One of the most epic examples of this is Wendy’s, a fast food chain whose marketers aren’t afraid to get their hands dirty and roast some competition and fans.
Of course, the world doesn’t work the same way for small businesses. But sometimes, social media can help a small food truck become a mega-popular spot for foodies. Kogi in LA is a food truck run by chef Roy Choi, who became the inspiration for the film “Chef”. As an intern in a Michelin star restaurant, Choy decided to travel from town to town, and make simple tacos and sandwiches. People posted about it on Twitter so much that a few days later there were lines in front of the truck.
Give back to the community
The food, beverage and restaurant companies spend almost $14 billion per year on advertising in the United States, according to the Rudd Center 2017 analysis of Nielsen data. More than 80% of it promotes fast food, sugary drinks, candy, and unhealthy snacks. Food advertising in comparison dwarfs the entire $1 billion budget for all chronic disease prevention and health promotion in the U.S. Centers for Disease Control and Prevention (CDC).
In a time when obesity and even childhood obesity is one of the most serious issues for public health, the least that a fast food restaurant can do is invest back into research for better food policy, offer the true values of its food’s nutritional quality, and offer alternative dietary and food options.
Big fast food companies already have healthy alternatives, vegan food and other solutions for discouraging customers from unhealthy products. Still, the comfort-food feeling that junk food offers remains the cornerstone of this industry.
Change according to the trends
As we already mentioned, newer generations tend to eat more sustainably, ethically and oftentimes, this means vegan and organic. There are plenty of articles such as “Millennial eating habits are killing the fast food industry”. Furthermore, research shows that 35% of millennials eat fast food less than once a week and 26% don't eat fast food at all. Millennials' decisions to eat less fast food could be linked to both changing food preferences and increased awareness of healthy eating.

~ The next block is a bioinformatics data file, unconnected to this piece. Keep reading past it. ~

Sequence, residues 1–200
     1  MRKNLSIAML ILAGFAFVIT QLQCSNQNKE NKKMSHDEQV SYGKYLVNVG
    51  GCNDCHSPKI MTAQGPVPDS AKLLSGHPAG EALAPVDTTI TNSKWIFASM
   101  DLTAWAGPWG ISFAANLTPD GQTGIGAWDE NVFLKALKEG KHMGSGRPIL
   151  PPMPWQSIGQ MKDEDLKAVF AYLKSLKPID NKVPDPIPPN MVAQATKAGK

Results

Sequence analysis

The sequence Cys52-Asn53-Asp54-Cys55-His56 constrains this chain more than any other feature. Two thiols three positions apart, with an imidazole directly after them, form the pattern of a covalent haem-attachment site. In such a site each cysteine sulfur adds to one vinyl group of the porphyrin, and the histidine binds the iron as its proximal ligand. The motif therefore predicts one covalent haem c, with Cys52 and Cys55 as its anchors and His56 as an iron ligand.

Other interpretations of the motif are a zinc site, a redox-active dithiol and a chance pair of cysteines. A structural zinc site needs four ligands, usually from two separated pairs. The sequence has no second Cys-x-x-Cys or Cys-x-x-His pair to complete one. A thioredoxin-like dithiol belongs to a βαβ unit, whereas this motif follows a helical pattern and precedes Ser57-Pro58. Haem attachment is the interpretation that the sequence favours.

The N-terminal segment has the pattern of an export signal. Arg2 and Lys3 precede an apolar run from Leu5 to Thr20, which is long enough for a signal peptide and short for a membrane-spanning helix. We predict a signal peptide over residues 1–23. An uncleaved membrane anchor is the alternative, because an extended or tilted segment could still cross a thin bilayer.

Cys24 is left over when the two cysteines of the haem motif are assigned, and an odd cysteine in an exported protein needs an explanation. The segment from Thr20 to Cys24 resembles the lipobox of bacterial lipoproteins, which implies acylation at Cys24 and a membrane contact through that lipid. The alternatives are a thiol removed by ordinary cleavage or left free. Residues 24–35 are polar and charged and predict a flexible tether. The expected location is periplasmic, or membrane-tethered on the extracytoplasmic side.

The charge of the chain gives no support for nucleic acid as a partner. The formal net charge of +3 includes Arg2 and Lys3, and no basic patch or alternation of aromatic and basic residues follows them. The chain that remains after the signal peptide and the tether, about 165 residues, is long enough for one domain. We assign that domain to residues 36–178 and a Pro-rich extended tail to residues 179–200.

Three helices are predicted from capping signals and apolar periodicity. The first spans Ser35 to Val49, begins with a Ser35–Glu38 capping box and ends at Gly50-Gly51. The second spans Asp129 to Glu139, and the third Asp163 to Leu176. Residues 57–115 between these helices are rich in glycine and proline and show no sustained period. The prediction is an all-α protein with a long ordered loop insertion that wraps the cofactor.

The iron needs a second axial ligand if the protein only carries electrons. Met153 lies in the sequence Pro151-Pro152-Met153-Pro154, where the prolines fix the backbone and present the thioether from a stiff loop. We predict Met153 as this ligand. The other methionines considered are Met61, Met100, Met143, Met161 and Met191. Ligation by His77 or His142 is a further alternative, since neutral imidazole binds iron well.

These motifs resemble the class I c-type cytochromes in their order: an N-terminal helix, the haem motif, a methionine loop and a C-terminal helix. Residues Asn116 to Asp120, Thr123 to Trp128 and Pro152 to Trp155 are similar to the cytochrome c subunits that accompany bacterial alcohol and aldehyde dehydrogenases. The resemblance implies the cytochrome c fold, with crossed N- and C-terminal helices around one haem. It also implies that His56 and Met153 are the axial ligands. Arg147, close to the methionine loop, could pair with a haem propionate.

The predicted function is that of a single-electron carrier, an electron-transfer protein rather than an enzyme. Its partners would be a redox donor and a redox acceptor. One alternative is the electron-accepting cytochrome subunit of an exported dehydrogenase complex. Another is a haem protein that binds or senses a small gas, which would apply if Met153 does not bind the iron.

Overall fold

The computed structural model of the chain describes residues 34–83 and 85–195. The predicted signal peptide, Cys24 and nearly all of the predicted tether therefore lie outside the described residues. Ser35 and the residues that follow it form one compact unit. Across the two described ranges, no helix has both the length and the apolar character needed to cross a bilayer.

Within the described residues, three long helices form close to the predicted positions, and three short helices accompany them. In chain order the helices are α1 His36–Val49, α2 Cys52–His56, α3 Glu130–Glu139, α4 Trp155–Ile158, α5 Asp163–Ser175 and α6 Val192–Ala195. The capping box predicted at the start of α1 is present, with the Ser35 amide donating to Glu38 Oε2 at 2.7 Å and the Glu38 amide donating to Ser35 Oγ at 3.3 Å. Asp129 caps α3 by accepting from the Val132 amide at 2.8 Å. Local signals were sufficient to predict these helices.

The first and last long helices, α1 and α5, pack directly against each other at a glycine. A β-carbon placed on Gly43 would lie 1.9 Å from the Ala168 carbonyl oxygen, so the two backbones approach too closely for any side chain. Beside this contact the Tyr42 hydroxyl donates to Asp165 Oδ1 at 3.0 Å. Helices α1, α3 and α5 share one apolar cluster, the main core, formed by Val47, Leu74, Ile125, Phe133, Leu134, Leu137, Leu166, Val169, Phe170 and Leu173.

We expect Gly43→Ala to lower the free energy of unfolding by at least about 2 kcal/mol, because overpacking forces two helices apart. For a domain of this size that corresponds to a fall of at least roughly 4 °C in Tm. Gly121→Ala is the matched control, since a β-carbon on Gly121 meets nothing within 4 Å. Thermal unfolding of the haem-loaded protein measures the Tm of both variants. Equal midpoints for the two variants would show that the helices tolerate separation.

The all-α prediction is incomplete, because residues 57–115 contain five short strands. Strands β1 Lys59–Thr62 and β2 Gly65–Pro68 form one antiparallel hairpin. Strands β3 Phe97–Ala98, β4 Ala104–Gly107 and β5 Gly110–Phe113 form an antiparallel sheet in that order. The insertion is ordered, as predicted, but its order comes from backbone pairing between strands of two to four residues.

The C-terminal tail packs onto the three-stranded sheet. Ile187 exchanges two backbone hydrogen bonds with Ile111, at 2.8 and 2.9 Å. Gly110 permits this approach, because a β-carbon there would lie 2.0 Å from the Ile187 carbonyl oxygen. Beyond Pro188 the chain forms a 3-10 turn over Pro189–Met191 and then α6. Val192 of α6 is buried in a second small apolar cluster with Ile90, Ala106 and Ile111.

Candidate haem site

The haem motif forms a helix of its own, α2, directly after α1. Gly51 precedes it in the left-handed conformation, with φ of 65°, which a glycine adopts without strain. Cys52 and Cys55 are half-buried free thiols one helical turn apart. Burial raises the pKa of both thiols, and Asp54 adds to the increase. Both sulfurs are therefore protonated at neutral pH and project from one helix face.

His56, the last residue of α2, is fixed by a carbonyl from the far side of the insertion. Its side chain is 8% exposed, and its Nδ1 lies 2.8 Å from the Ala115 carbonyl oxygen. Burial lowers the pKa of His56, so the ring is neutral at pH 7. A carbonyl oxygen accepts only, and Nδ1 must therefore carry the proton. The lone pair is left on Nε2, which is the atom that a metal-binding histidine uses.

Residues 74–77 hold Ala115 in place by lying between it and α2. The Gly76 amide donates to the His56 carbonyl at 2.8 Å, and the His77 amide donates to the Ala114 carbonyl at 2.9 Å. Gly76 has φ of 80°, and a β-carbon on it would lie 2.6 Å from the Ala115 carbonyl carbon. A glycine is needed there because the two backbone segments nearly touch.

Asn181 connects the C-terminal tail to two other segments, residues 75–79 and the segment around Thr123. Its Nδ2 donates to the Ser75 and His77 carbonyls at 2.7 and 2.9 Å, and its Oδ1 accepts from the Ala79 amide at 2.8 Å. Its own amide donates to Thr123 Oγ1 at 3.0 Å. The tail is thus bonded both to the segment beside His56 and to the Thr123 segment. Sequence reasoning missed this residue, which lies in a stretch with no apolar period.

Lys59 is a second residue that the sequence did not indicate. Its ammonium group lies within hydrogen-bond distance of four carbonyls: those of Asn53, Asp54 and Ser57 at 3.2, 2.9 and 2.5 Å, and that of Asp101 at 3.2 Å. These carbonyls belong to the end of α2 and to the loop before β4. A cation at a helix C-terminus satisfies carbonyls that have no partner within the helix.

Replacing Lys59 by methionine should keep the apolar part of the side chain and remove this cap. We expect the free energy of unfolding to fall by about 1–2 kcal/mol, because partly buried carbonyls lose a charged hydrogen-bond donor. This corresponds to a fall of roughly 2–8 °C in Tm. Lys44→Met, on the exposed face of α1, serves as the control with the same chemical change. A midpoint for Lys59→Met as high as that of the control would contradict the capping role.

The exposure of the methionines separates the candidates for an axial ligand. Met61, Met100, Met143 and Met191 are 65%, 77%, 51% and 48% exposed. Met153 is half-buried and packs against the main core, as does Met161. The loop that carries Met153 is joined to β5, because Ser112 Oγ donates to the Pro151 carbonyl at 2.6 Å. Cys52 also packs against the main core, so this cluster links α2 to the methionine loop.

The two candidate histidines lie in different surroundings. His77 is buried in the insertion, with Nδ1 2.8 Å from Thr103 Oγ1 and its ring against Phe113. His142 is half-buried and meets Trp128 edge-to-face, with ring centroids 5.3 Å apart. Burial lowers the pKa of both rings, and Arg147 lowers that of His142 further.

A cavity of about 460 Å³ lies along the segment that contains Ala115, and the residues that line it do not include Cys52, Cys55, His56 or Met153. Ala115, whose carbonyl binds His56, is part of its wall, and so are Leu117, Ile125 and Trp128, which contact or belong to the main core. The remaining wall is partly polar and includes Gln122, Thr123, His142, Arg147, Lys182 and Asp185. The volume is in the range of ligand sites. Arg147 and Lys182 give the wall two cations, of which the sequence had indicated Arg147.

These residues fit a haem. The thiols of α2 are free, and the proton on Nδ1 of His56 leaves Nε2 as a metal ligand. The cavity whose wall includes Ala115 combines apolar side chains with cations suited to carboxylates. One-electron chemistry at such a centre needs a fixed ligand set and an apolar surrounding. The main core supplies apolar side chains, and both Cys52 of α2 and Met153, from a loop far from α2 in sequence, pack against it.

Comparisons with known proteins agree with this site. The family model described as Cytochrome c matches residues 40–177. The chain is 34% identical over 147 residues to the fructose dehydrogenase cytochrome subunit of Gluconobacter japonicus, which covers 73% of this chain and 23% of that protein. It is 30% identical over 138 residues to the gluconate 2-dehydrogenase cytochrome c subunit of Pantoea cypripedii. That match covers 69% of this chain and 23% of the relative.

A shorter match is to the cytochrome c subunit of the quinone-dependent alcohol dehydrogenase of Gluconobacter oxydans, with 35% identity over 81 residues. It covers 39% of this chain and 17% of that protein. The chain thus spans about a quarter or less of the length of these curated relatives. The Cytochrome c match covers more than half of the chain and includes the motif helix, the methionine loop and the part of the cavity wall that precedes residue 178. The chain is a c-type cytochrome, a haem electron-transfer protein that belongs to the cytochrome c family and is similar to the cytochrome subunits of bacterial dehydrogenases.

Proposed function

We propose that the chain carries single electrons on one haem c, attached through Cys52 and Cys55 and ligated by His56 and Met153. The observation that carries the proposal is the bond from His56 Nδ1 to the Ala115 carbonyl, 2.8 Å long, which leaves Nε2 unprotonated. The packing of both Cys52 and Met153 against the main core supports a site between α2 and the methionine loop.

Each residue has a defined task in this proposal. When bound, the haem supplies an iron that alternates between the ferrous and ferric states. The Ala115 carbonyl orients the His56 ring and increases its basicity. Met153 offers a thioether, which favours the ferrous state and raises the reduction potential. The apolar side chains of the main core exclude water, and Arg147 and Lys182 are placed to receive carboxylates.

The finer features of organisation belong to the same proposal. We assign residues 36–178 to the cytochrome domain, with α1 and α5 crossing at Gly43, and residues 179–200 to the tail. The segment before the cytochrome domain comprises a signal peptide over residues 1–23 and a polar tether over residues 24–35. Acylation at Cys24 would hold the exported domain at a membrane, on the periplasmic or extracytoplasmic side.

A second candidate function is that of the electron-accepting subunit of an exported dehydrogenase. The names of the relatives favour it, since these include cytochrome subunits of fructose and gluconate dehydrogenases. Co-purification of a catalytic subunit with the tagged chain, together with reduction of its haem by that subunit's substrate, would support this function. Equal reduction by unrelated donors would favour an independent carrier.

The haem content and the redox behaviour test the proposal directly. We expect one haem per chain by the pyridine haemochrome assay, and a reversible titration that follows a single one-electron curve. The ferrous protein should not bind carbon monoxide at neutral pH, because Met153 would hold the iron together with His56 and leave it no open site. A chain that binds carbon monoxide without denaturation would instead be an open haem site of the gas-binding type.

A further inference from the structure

In order to get to this target group, as a fast food restaurant, you need to offer a healthy, organic, vegan alternative, as well as work on your word of mouth references and social media buzz.
A great, but not a huge menu
One more thing that is important: know what you are good at, and let your menu consist of it. There are a lot of restaurants that offer hundreds of meals, but essentially, they are all the same thing in a different format. Keep your fast food menu smaller, but perfect: everything on it should be good.
If you can afford it and still be efficient, offer a deal where your customers can build their own meal with different toppings and extras, like the Subway deal where you make your own sub. It will make people feel like they are in control of their meal, and give them exactly what they crave.
Last, but not least, is that you should be mobile. At the peak of the Covid-19 crisis, many businesses struggle to stay alive. There are many options for delivery, whether it’s your own delivery, Uber Eats, local delivery services, and many other things. Make sure your food is available for pickup and delivery, otherwise you risk losing customers who are staying at home and possibly being closed for a second lockdown.
Journalist turned content writer. Based in North Macedonia, aiming to be a digital nomad. Always loved to write, and found my perfect job writing about graphic design, art and creativity. A self-proclaimed film connoisseur, cook and nerd in disguise.